What You Need to Know About Trace Elements
Do you know that apart from fats, carbohydrates, proteins, and fiber, your body needs a lot more! These are called trace minerals. They are called trace elements because the body needs less than 100 mg a day. Though they are in fewer quantities, the body needs these to perform all its functions.
The deficiency of even one can lead to serious health problems. Sometimes you may not know that your health problems are because of the deficiency of a trace mineral because it leads to a cascading effect. The symptoms that you may have could be totally different from the known symptoms. To ensure that you don’t have deficiencies it is advisable that you get tested every 6 months.
So what are the minerals that you need? There are a total of 21 essential minerals out of which 5 are required in larger quantities (calcium, potassium, phosphorus, magnesium, and sodium) and the rest of the 16 are required in very few quantities (8mg -11mg per day). The body can’t manufacture these minerals on its own that’s why you need these from a balanced diet.
You don’t need to worry about the deficiency of most of these minerals because your body gets these from your diet. It is only in very rare cases or a rare disorder that you may have a deficiency in some of these. Some minerals are more deficient in the diet and you may need to take supplements to replenish your body’s needs
Let us look at some of the minerals that are most likely to be deficient.
1. Calcium -Trace Elements
99% of the total calcium in the body is in the bones and teeth. It is also needed for the functions of the muscles and the heart. It also plays a vital role in blood clotting and healing of wounds. The cells of the body work through osmosis, which means that they transfer minerals through their cell walls. Calcium keeps the cell walls healthy.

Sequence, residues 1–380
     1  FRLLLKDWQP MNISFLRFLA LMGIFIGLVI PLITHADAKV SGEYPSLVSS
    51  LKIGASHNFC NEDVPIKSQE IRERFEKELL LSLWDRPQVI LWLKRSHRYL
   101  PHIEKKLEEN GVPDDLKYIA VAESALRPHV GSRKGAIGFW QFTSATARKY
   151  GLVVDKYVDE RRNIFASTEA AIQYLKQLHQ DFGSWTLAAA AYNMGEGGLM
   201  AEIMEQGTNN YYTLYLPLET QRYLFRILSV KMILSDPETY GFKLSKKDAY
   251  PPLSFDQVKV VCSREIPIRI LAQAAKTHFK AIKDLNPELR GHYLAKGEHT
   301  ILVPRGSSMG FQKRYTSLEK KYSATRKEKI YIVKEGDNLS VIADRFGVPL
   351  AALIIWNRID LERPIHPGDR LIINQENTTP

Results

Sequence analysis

The deficiency of calcium causes bones to weaken. It also slows down nervous functions and makes muscles sensitive. Women need 1000mg of calcium per day below the age of 50 and 1200mg after. For men, the healthy quantity is set at 1000mg before the age of 70 and 1200 mg after 71. As the body ages, it needs more calcium to replenish bones and make them stronger.
We lose calcium through bodily excretions. This makes it even more important that you get your daily dose of calcium. When the body doesn’t have enough calcium it takes it from the bones. This isn’t too alarming if it happens once in a while. But when it happens regularly then you run the risk of your bones weakening.
Get your daily dose of calcium from green leafy vegetables, broccoli, nuts, seeds, and fruits.
2. Iodine – Trace Elements
Recently Americans have been facing a rise in iodine deficiency. Iodine is most important to stimulate the thyroid gland. The thyroid is the second most important gland in the body. It regulates metabolism, the breakdown of fats and carbs into energy. If the hormones secreted by the gland are not in the prescribed limits, you could face an abnormal weight fluctuation. People with hypothyroid suffer from depression too because, in turn, it affects the other hormones which regulate mood. Sometimes because of the cascading effect, it is difficult to put your finger on the actual reason. Doctors advise that you get yourself tested for deficiencies even if you feel fit. Prevention is better than cure after all. Dr. Todd Watts from Microbe Formulas explains in the article 5 Bonus Benefits of Iodine that taking iodine is a natural and efficient way to increase your energy and metabolism.
Get your daily dose from dry fruits, green leafy vegetables and fruits like bananas and watermelon.
Even though iron is a trace element, it is very important and sometimes the body needs more. Iron is needed by the body to maintain oxygen levels in the entire body and organs. It is required to maintain the shape and size of red blood cells which carry oxygen to all the parts of the body. When you have a deficiency of iron, your hemoglobin count goes down which means that the level of oxygen in the body goes down, which in turn affects the entire functioning of the body. If you are feeling fatigued, have restless legs, and trembling extremities, you could be deficient in iron.
Cereals, green leafy vegetables, and meat are good sources of iron. Sometimes the body needs more than what it gets from your diet. If you’re deficient, you may need to take supplements. Women are more prone to iron deficiencies than men because of their different body functions.